The experience left him feeling “violated and afraid”, resulting in what Amir calls a “huge amount of internalised homophobia”.
“Amir began having intrusive thoughts about his sexuality, and wondered if the psychiatrist and his family were right and he had been ‘groomed’ by ‘predatory’ men”
“I started to feel a fear of engaging with people who might have supported me – whether that was the LGBT community or the South Asian community – and also became insecure in my relationship,” he recalls.
Amir began having intrusive thoughts about his sexuality, and wondered if the psychiatrist and his family were right and he had been ‘groomed’ by ‘predatory’ men, feelings further exacerbated by the cultural pressure to receive approval from elders before continuing with a relationship.
Only with space from family and time to process his experience, did Amir become comfortable with seeking mental health support. He recently celebrated his fifth year with his partner – who Amir says was “supportive and respectful” throughout his ordeal – but says he had to step away from his relatives before he could move on.
Understanding cultural risk
Now, with distance, Amir has begun to analyse why he might have been at heightened risk of conversion therapy.
“One of the reasons South Asian individuals are more likely to be offered or agree to conversion therapy is a lack of representation of queer people of colour in the media,” he says. “Queer people of colour are more likely to feel like they don’t belong or fit into the queer community – that they don’t look or act the way they’re ‘supposed to’ – and so might agree to undergo conversion therapy if it’s offered to them by family.”
Without feeding into racist stereotypes around homophobia within communities of colour, discrepancies in the prevalence of conversion therapy needs understanding. Reverend Jide Macaulay is the founder and CEO of House of Rainbow, a Nigerian organisation supporting LGBTQIA+ individuals around the world in reconciling their sexuality and spirituality. According to him, the overrepresentation of people of colour as conversion therapy survivors may partly be explained by pressure from influential religious leaders or an increased cultural importance placed on respecting one’s elders.
“It is the right of LGBT people of faith to be able to go to church and not be subjected to inhumane treatment, such as conversion therapy or any form of deliverance healing, because there’s nothing to be delivered from,” he says. “But within Black and Muslim communities, there is the impact of cultural and traditional beliefs. If your parents tell you to go to conversion therapy, you do not argue with them, regardless of age.”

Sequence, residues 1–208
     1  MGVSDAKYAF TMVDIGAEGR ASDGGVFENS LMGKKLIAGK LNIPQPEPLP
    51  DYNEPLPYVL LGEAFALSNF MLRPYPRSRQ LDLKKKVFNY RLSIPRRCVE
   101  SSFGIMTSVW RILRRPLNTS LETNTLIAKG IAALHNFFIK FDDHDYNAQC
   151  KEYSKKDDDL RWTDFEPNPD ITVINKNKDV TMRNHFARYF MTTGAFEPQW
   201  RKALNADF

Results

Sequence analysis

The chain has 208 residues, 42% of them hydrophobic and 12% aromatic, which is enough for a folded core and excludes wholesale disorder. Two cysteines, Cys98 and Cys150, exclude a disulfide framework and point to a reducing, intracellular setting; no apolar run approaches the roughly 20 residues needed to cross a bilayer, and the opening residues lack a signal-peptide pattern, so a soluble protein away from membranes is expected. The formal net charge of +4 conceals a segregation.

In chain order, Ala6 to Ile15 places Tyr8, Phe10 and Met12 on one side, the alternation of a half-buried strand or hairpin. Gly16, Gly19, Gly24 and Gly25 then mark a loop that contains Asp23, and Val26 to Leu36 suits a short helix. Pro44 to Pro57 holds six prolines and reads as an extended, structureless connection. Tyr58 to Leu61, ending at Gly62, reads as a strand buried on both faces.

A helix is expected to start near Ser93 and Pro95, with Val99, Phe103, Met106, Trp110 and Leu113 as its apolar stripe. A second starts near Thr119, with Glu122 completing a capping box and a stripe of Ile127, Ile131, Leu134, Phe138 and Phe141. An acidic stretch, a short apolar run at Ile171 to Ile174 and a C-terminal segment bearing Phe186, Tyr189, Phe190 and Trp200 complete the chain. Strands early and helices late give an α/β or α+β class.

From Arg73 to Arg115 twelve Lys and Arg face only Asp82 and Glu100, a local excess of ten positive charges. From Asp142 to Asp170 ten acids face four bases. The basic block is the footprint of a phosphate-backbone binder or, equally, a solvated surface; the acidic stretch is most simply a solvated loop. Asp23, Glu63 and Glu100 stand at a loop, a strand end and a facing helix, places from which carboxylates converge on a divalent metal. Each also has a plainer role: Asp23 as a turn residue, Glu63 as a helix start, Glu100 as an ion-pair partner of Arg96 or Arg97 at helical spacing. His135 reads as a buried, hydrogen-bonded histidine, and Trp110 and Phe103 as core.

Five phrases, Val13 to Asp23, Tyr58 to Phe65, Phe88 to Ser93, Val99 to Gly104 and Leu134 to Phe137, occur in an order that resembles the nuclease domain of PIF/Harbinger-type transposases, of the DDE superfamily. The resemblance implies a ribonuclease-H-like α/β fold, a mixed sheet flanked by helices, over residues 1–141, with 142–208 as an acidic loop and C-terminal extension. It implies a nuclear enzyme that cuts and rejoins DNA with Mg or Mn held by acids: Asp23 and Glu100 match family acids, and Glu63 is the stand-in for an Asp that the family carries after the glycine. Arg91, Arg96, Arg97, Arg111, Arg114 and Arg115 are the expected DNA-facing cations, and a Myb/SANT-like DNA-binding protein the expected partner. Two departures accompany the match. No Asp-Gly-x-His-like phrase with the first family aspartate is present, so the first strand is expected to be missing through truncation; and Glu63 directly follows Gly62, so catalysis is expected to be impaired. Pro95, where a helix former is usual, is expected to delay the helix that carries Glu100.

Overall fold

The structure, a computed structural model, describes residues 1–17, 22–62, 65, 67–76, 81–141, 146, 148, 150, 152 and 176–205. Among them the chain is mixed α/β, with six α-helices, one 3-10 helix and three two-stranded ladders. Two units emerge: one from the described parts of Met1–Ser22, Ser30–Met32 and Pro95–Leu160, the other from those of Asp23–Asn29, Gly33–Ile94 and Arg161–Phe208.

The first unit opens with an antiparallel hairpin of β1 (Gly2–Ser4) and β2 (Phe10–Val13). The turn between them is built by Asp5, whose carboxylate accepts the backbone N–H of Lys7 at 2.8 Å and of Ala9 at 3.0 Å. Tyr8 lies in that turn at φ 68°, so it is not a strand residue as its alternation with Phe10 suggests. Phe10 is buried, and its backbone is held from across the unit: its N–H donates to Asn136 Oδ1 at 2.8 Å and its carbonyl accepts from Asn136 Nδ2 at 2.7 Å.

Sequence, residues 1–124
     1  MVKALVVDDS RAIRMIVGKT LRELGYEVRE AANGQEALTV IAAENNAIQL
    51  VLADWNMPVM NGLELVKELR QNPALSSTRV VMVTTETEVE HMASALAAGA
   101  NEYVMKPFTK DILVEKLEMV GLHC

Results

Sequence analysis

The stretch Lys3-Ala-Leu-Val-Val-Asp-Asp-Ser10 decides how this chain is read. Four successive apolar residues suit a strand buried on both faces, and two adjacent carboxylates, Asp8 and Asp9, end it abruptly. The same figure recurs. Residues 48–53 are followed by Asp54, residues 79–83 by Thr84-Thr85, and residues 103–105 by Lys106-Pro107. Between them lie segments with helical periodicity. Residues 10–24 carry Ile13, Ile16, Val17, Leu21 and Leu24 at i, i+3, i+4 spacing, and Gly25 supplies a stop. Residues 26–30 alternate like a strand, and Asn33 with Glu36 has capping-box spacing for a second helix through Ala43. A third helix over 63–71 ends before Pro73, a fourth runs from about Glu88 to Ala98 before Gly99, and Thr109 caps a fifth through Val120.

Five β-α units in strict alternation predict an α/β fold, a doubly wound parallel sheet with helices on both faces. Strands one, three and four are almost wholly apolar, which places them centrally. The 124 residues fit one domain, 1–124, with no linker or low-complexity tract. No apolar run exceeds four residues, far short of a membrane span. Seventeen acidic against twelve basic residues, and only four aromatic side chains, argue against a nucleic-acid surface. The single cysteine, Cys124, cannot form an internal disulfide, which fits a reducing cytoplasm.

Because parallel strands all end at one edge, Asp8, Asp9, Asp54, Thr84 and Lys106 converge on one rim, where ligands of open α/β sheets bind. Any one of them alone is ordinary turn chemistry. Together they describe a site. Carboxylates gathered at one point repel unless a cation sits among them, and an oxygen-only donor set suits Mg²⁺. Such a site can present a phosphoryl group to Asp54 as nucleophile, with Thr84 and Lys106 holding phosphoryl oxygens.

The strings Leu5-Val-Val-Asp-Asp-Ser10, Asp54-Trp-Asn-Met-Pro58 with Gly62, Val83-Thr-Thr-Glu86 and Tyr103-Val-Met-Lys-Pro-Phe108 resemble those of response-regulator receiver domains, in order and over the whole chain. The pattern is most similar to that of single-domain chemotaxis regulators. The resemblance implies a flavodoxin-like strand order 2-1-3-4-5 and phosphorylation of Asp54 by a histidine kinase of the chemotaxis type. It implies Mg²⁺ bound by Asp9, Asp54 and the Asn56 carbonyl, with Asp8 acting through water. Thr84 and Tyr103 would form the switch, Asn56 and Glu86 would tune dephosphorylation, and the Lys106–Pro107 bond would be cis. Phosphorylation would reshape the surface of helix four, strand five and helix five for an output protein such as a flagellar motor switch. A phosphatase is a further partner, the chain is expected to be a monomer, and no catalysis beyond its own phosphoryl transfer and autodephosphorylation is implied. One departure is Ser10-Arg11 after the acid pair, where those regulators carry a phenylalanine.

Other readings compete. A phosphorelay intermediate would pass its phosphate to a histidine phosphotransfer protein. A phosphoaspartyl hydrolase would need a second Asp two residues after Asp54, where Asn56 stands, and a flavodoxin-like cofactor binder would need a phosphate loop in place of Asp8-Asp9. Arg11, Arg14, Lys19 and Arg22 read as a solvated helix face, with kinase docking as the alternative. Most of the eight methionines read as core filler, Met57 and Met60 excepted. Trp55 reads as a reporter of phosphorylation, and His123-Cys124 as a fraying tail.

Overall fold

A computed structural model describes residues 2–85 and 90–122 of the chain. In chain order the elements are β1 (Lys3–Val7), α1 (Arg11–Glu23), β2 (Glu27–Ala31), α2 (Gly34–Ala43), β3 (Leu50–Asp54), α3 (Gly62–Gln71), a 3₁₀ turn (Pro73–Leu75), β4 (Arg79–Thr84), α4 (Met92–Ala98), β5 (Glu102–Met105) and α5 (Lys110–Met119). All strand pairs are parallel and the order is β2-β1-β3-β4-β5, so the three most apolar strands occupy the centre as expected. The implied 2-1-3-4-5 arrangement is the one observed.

“Queer individuals considered to be ‘possessed’ by homosexuality can be subjected to deliverance healing, which can see them forced to drink or bathe in potions deemed ‘spiritual water’, or even be starved of food and sleep”
According to Macaulay, conversion therapy in Black Muslim and Christian communities specifically involves a combination of processes that can range from private or public prayer, to laying of hands. The latter can include a practice described as “beating the homosexuality out of the persons”, often with the use of brooms.
Queer individuals considered to be ‘possessed’ by the ‘demonic’ spirit of homosexuality can be subjected to deliverance healing, which can see them forced to drink or bathe in potions deemed “spiritual water”, or even be starved of food and sleep until it is believed that the homosexuality has fled their body.
While no study has ever determined that conversion therapy is successful, there is significant evidence that the physical and psychological damage caused – often accompanied by societal rejection and family prejudice – is long-lasting and life-altering.
“The UK government is yet to ban conversion therapy – over 1000 days since they first announced a commitment to do so”
Conversion therapy can be fatal and survivors carry the resulting trauma throughout their lives with a 2018 study finding LGBTQIA+ youth who had underwent conversion therapy were more than twice as likely to report having attempted suicide multiple times following the experience.